As certainly as the rainy season arrives each year, El Salvador is facing the return of thousands of cases of dengue fever. El Diario de Hoy reports that the number of suspected cases of dengue fever in the country is 3000 and rising. Dengue is a virus transmitted the bite of the Aedes aegypti mosquito. Most cases produce fever and other nonfatal symptoms, but a small percentage of cases produce dengue hemorrhagic fever which is sometimes fatal.
The US Centers for Disease Control points to various factors which have led to dengue becoming a major public health problem in the Americas, including:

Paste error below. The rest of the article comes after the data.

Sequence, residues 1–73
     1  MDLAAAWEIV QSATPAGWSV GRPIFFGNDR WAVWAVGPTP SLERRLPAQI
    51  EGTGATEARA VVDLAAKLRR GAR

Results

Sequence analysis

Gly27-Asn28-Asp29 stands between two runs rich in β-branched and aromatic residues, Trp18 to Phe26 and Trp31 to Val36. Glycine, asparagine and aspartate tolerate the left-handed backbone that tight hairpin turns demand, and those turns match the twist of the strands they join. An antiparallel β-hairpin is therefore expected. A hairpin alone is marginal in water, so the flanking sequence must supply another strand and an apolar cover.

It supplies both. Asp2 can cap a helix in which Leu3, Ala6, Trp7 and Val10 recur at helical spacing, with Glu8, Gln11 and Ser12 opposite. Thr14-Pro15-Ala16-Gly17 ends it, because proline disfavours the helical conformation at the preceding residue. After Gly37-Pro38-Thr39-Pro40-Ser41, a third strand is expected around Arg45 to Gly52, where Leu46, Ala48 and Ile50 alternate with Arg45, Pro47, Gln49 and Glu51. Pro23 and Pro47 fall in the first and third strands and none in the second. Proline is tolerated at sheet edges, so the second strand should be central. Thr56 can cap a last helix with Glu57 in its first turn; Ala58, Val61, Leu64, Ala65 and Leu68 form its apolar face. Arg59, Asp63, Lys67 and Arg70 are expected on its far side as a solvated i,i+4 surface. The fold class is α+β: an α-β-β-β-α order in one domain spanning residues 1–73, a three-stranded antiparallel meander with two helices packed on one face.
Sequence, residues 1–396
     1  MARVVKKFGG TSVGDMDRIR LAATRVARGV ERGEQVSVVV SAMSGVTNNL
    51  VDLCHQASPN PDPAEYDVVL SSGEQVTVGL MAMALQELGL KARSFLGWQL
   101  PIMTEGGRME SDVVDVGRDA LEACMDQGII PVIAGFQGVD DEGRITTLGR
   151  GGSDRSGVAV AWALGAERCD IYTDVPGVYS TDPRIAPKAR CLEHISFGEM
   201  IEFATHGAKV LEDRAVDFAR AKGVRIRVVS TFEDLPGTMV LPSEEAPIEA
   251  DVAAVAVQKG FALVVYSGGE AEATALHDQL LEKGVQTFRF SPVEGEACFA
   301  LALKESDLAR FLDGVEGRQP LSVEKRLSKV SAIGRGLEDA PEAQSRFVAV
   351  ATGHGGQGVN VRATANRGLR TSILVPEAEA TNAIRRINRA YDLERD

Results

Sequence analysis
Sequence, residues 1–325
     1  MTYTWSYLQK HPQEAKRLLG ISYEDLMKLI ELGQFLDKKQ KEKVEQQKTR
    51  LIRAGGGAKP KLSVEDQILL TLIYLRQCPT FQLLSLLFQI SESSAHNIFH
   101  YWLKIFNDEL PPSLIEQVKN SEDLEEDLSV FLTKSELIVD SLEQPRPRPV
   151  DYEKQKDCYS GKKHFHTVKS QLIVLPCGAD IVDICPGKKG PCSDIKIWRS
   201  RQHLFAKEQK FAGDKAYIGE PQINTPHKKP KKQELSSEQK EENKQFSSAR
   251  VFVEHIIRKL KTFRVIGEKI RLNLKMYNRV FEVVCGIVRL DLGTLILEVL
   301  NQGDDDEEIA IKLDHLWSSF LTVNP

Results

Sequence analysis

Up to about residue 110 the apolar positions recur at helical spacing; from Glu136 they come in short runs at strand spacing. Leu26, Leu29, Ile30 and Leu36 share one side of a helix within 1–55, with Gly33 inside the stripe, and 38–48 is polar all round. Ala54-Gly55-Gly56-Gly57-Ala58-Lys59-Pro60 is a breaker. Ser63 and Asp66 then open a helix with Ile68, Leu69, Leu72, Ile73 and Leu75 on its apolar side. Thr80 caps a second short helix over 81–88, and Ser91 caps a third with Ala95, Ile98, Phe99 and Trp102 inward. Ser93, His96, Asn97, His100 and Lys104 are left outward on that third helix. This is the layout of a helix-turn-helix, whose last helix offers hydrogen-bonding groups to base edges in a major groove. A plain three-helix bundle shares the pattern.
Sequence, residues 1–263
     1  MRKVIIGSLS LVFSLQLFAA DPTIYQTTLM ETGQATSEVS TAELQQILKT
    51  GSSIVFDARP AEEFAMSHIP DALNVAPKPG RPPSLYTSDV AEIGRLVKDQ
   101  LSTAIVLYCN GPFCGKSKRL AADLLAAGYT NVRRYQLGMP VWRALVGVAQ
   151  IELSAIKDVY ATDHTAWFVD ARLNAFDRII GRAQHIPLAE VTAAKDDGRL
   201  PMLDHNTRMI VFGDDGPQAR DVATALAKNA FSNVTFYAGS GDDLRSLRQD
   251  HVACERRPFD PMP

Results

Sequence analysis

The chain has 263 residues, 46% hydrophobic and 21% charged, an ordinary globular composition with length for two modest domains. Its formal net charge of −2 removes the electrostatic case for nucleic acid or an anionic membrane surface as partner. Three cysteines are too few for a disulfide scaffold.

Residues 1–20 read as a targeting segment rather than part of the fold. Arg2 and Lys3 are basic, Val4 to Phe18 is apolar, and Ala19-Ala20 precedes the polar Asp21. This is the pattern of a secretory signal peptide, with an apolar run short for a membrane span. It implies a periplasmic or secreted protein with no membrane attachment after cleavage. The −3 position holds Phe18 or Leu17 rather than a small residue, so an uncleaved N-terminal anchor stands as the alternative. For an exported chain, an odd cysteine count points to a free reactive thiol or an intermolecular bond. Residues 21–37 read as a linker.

Uncontrolled urbanization and concurrent population growth ... have resulted in substandard housing and inadequate water, sewer, and waste management systems, all of which increase Ae. aegypti population densities and facilitate transmission of Ae. aegypti-borne disease....El Salvador combats dengue with mosquito control spraying and public education campaigns to emphasize the importance of eliminating standing water and covering water barrels or other locations where the insect can breed.
Lastly, in most countries the public health infrastructure has deteriorated. Limited financial and human resources and competing priorities have resulted in a "crisis mentality" with emphasis on implementing so-called emergency control methods in response to epidemics rather than on developing programs to prevent epidemic transmission.